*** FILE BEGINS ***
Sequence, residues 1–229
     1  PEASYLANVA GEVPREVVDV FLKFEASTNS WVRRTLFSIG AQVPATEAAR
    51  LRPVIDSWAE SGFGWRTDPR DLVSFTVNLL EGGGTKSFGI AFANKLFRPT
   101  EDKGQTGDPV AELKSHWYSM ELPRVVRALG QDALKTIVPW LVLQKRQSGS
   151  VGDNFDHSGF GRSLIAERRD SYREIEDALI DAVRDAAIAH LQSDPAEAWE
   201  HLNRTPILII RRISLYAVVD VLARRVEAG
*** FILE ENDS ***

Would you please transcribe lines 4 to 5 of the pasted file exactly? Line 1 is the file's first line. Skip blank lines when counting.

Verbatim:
   101  EDKGQTGDPV AELKSHWYSM ELPRVVRALG QDALKTIVPW LVLQKRQSGS
   151  VGDNFDHSGF GRSLIAERRD SYREIEDALI DAVRDAAIAH LQSDPAEAWE